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An international team of researchers including Svante Pääbo and Qiaomei Fu of the Max Planck Institute for Evolutionary Anthropology in Leipzig, Germany, sequenced nuclear and mitochondrial DNA that had been extracted from the leg of an early modern human from Tianyuan Cave near Beijing, China. Analyses of this individual's DNA showed that the Tianyuan human shared a common origin with the ancestors of many present-day Asians and Native Americans. In addition, the researchers found that the proportion of Neanderthal and Denisovan-DNA in this early modern human is not higher than in people living in this region nowadays. Humans with morphology similar to present-day humans appear in the fossil record across Eurasia between 40,000 and 50,000 years ago. The genetic relationships between these early modern humans and present-day human populations had not yet been established. Qiaomei Fu, Matthias Meyer and colleagues of the Max Planck Institute for Evolutionary Anthropology in Leipzig, Germany, extracted nuclear and mitochondrial DNA from a 40,000 year old leg bone found in 2003 at the Tianyuan Cave site located outside Beijing. For their study the researchers were using new techniques that can identify ancient genetic material from an archaeological find even when large quantities of DNA from soil bacteria are present. The researchers then reconstructed a genetic profile of the leg's owner. "This individual lived during an important evolutionary transition when early modern humans, who shared certain features with earlier forms such as Neanderthals, were replacing Neanderthals and Denisovans, who later became extinct", says Svante Pääbo of the Max Planck Institute for Evolutionary Anthropology, who led the study.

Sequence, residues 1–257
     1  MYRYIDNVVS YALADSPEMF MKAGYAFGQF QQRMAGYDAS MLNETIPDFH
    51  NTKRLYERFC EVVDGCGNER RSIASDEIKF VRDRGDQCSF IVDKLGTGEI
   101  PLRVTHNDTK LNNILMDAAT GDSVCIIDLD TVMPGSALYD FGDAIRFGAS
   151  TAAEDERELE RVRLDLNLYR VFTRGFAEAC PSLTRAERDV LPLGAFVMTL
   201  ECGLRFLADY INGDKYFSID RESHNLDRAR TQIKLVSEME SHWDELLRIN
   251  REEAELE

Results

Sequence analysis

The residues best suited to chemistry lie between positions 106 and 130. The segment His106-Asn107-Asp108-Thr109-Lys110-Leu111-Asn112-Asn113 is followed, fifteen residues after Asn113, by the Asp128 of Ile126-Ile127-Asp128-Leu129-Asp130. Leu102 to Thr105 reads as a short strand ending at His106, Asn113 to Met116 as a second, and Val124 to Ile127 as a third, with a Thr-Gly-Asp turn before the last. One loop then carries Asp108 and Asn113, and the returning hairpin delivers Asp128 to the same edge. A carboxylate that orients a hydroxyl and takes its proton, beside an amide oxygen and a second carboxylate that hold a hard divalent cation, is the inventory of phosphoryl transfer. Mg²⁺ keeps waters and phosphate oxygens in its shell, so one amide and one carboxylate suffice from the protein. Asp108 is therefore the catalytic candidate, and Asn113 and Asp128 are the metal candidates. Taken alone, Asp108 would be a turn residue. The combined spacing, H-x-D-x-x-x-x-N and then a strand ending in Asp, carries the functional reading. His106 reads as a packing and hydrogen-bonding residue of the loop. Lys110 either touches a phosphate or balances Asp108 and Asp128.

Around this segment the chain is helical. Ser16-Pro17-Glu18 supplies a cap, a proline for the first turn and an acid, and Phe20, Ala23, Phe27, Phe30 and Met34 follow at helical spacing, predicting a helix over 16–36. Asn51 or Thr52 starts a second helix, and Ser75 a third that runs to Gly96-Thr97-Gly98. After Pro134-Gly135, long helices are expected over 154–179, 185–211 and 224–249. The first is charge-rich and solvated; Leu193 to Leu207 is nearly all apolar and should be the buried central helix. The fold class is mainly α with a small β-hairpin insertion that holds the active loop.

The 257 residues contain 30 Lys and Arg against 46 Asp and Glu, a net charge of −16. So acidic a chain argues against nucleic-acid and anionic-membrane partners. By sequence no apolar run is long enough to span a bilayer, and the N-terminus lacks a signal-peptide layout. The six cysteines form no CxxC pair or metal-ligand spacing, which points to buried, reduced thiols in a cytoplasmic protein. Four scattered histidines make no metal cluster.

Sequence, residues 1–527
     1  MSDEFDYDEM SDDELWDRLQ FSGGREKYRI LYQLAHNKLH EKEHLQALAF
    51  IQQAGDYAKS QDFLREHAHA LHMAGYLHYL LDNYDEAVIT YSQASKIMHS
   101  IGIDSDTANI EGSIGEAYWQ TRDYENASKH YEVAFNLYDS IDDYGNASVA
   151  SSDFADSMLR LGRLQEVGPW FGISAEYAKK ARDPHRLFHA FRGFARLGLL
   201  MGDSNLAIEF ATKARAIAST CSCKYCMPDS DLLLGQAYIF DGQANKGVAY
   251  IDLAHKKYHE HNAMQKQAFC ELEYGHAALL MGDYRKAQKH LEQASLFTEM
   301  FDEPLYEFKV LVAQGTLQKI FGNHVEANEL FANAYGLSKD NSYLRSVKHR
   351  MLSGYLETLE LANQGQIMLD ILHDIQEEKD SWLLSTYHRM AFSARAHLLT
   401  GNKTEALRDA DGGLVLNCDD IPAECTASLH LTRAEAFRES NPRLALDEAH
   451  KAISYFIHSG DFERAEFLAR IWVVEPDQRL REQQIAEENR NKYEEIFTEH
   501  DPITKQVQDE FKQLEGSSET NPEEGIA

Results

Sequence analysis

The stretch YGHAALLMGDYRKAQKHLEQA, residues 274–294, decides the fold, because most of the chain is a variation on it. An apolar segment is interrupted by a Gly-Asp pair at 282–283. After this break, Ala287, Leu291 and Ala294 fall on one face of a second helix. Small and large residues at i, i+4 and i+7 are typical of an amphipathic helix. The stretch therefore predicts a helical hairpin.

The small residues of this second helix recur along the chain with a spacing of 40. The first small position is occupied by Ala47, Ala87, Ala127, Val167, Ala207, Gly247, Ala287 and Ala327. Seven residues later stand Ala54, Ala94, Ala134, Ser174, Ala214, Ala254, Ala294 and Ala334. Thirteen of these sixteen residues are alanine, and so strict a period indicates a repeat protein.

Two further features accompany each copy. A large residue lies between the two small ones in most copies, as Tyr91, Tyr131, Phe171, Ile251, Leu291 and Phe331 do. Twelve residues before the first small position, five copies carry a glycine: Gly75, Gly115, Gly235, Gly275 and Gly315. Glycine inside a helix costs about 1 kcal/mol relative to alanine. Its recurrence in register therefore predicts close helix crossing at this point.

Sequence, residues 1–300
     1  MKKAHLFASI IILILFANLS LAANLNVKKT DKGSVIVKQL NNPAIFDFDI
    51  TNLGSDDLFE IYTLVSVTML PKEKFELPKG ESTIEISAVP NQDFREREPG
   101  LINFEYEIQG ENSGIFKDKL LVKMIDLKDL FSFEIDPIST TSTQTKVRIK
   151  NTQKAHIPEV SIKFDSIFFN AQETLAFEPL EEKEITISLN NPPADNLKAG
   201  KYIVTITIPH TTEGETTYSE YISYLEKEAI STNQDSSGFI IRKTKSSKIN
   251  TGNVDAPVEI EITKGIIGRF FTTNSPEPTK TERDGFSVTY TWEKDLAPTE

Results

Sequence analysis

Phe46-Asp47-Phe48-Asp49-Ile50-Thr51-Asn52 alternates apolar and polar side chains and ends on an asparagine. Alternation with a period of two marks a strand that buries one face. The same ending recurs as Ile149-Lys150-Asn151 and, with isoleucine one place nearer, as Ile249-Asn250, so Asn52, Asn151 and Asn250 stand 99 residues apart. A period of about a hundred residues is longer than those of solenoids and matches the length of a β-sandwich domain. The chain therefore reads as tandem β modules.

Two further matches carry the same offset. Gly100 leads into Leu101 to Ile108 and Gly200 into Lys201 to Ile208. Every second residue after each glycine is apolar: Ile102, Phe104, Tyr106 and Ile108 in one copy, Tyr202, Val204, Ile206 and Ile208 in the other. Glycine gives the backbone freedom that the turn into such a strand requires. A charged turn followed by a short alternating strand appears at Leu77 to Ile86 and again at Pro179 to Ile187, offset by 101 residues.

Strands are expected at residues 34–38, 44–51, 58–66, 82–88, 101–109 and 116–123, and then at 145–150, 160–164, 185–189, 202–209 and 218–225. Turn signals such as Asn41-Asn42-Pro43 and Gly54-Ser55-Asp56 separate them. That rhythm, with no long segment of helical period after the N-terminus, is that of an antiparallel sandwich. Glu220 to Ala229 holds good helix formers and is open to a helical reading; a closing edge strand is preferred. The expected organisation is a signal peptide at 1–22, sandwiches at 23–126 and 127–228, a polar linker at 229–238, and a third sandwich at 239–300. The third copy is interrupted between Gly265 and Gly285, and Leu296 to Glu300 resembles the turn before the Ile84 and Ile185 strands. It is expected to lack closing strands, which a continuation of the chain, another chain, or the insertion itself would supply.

The genetic profile reveals that this early modern human was related to the ancestors of many present-day Asians and Native Americans but had already diverged genetically from the ancestors of present-day Europeans. In addition, the Tianyuan individual did not carry a larger proportion of Neanderthal or Denisovan DNA than present-day people in the region. "More analyses of additional early modern humans across Eurasia will further refine our understanding of when and how modern humans spread across Europe and Asia", says Svante Pääbo. Parts of the work were carried out in a new laboratory jointly run by the Max Planck Society and the Chinese Academy of Sciences in Beijing. More information: Qiaomei Fu, Matthias Meyer, Xing Gao, Udo Stenzel, Hernán A. Burbano, Janet Kelso, Svante Pääbo, DNA analysis of an early modern human from Tianyuan Cave, China, PNAS, Online Early Edition, January 21, 2013.
Originally posted by Aleister
reply to post by Dutcheagle
Any stone age tools or weapons found with or near the bone? I don't know how complete the stone tool/point record is in this area, or how they compare to later points in America and elsewhere.
Originally posted by MadDuchess
I don't know why so many historians and archaeologist find it so hard to believe that man(DNA as today) was around 40,000 years ago and not the more ancient ancestor. This just goes to show that maybe the evolution timeline that we think is accurate may not be so. This is an amazing find that I hope will really open the eyes of people. But of course I doubt that the main stream media will report these finds because it validates the theories of Forbidden Archaeologist, and they won't do that.
Originally posted by MadDuchess
I don't know why so many historians and archaeologist find it so hard to believe that man(DNA as today) was around 40,000 years ago and not the more ancient ancestor.
This just goes to show that maybe the evolution timeline that we think is accurate may not be so.